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Error handling in Bash scripts

Let your Bash script help you find its errors with error handling.
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Eraser

Scripting is one of the key tools for a sysadmin to manage a set of day-to-day activities such as running backups, adding users/groups, installing/updating packages, etc. While writing a script, error handling is one of the crucial things to manage.

This article shows some basic/intermediate techniques of dealing with error handling in Bash scripting. I discuss how to obtain the error codes, get verbose output while executing the script, deal with the debug function, and standard error redirection. Using these techniques, sysadmins can make their daily work easy.

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Exit status

In Bash scripting, $? prints the exit status. If it returns zero, it means there is no error. If it is non-zero, then you can conclude the earlier task has some issue.

A basic example is as follows:

$ cat myscript.sh
           #!/bin/bash
           mkdir learning
           echo $?

If you run the above script once, it will print 0 because the directory does not exist, therefore the script will create it. Naturally, you will get a non-zero value if you run the script a second time, as seen below:

$ sh myscript.sh
mkdir: cannot create directory 'learning': File exists
1

Best practices

It is always recommended to enable the debug mode by adding the -e option to your shell script as below:

$ cat test3.sh
!/bin/bash
set -x
echo "hello World"
mkdiir testing
 ./test3.sh
+ echo 'hello World'
hello World
+ mkdiir testing
./test3.sh: line 4: mkdiir: command not found

You can write a debug function as below, which helps to call it anytime, using the example below:

$ cat debug.sh
#!/bin/bash
_DEBUG="on"
function DEBUG()
{
 [ "$_DEBUG" == "on" ] && $@
}
DEBUG echo 'Testing Debudding'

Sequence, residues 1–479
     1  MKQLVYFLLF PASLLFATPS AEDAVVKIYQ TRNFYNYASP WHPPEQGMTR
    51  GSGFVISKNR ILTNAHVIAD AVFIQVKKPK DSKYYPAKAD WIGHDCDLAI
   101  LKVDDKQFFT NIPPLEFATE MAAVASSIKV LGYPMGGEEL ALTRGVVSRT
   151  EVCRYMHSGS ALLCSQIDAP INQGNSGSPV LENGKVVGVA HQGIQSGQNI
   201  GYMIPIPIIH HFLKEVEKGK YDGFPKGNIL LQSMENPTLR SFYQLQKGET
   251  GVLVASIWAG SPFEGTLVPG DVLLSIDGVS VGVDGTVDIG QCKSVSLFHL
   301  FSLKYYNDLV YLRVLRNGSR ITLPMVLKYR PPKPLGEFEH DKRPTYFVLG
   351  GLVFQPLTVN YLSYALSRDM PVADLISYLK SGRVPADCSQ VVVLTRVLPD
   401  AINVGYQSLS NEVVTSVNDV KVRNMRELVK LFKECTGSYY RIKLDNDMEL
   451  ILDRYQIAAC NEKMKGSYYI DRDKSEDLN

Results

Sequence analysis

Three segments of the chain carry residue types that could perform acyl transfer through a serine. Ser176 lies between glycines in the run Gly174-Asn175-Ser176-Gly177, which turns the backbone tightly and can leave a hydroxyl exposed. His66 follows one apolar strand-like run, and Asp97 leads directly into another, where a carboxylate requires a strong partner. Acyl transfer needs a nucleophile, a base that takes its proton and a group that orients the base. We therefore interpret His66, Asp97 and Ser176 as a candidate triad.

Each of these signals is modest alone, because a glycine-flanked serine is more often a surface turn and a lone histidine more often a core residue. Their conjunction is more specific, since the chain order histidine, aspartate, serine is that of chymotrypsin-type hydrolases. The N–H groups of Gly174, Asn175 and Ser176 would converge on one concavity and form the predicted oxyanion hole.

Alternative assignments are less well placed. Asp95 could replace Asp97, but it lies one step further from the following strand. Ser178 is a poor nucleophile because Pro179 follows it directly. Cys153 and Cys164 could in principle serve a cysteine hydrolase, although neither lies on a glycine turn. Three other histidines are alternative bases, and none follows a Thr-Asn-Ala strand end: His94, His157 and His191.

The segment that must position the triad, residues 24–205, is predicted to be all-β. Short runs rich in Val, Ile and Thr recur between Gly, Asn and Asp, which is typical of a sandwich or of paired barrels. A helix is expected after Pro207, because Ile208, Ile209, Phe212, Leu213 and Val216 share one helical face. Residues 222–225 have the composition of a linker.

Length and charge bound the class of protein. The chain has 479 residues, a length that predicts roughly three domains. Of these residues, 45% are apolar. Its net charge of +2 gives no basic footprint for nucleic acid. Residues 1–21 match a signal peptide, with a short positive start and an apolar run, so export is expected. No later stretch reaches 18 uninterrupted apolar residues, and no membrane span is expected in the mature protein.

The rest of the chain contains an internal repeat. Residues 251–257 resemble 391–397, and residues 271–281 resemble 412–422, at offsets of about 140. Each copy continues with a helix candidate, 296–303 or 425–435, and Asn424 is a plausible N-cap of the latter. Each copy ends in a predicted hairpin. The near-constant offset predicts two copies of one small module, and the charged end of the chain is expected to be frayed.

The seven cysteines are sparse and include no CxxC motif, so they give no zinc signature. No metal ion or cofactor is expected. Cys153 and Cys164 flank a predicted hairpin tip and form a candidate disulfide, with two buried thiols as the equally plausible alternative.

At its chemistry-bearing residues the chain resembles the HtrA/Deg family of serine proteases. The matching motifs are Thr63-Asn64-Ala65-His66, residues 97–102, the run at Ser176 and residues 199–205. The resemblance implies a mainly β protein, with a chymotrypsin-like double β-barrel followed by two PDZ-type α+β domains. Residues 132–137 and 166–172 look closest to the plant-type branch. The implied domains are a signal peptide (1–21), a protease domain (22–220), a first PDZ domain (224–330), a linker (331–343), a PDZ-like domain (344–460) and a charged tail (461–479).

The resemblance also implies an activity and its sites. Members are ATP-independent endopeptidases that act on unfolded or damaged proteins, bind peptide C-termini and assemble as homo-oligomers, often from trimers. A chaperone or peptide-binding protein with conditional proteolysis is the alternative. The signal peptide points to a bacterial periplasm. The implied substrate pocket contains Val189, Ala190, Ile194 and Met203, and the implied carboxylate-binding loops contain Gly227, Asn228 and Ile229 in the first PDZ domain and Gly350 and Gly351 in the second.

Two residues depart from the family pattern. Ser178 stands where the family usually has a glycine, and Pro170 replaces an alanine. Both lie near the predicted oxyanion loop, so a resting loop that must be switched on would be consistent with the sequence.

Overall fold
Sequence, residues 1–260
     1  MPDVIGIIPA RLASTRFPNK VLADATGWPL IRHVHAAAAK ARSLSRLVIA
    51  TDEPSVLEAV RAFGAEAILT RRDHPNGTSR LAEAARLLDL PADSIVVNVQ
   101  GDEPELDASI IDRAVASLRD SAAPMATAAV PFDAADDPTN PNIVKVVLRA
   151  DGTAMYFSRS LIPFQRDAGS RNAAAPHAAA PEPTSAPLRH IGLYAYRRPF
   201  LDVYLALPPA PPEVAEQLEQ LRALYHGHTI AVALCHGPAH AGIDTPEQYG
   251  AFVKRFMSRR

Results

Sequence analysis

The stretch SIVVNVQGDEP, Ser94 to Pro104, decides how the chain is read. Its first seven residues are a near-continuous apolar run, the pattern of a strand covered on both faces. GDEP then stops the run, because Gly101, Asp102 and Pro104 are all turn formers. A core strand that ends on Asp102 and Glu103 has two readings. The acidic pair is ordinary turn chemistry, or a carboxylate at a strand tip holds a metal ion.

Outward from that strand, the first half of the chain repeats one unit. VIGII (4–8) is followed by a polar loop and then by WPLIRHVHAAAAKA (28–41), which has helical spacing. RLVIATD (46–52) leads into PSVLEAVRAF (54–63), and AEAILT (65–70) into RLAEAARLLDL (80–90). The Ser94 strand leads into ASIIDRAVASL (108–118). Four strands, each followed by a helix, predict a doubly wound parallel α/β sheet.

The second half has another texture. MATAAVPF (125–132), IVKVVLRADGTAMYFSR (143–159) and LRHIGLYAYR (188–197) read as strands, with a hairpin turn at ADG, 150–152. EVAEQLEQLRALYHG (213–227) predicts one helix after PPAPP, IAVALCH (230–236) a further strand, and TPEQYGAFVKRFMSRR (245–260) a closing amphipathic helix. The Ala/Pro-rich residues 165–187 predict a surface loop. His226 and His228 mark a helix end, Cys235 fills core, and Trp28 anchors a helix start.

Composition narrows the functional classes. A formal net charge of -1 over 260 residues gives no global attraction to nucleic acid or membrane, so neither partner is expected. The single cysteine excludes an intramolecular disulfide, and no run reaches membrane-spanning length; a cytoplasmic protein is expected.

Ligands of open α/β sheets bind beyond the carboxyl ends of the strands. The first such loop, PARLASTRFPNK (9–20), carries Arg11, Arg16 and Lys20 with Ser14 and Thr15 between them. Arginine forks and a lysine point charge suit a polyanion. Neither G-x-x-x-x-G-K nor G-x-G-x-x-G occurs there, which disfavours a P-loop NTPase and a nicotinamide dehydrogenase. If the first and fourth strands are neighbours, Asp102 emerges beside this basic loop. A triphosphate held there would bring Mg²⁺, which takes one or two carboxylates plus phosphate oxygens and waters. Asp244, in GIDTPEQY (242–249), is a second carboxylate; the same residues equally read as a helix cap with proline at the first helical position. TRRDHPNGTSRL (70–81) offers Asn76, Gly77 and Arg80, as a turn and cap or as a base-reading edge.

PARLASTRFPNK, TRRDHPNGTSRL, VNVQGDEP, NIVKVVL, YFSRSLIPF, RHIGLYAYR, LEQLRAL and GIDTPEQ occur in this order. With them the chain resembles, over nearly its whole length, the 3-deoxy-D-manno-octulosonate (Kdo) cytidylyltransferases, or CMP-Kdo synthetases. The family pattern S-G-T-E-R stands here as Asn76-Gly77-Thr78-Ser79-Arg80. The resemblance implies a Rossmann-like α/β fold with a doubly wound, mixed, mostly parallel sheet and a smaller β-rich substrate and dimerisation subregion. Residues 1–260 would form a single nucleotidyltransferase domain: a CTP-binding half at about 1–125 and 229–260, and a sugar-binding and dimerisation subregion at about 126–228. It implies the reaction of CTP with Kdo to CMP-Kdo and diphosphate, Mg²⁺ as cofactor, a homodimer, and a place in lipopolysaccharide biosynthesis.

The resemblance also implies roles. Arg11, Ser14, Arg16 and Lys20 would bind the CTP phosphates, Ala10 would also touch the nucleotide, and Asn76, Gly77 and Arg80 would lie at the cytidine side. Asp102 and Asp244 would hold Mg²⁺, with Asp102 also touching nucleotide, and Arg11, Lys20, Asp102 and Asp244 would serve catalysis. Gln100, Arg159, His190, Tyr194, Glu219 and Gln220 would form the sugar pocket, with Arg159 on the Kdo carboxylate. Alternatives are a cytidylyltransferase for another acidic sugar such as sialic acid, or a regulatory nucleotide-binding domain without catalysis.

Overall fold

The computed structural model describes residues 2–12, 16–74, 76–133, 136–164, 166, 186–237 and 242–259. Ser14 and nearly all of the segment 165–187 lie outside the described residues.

DEBUG set -x
a=2
b=3
c=$(( $a + $b ))
DEBUG set +x
echo "$a + $b = $c"

Which prints:

$ ./debug.sh
Testing Debudding
+ a=2
+ b=3
+ c=5
+ DEBUG set +x
+ '[' on == on ']'
+ set +x
2 + 3 = 5

Standard error redirection

You can redirect all the system errors to a custom file using standard errors, which can be denoted by the number 2. Execute it in normal Bash commands, as demonstrated below:

$ mkdir users 2> errors.txt
$ cat errors.txt
mkdir: cannot create directory ‘users’: File exists

Most of the time, it is difficult to find the exact line number in scripts. To print the line number with the error, use the PS4 option (supported with Bash 4.1 or later). Example below:

$ cat test3.sh
#!/bin/bash
PS4='LINENO:'

set -x
echo "hello World"
mkdiir testing

You can easily see the line number while reading the errors:

$ /test3.sh
5: echo 'hello World'
hello World
6: mkdiir testing
./test3.sh: line 6: mkdiir: command not found

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Wrap up

Managing errors is a key skill for administrators when writing scripts. These tips should help make your life easier when troubleshooting Bash scripts or even general commands.

Check out these related articles on Enable Sysadmin

Topics:   Linux   Linux Administration   Scripting  
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Ashutosh Bhakare

Ashutosh is an open source software advocate, docker community leader, Fedora active contributor,  Red Hat / SUSE Certified Instructor with 19 years of experience as a trainer and consultant.  More about me

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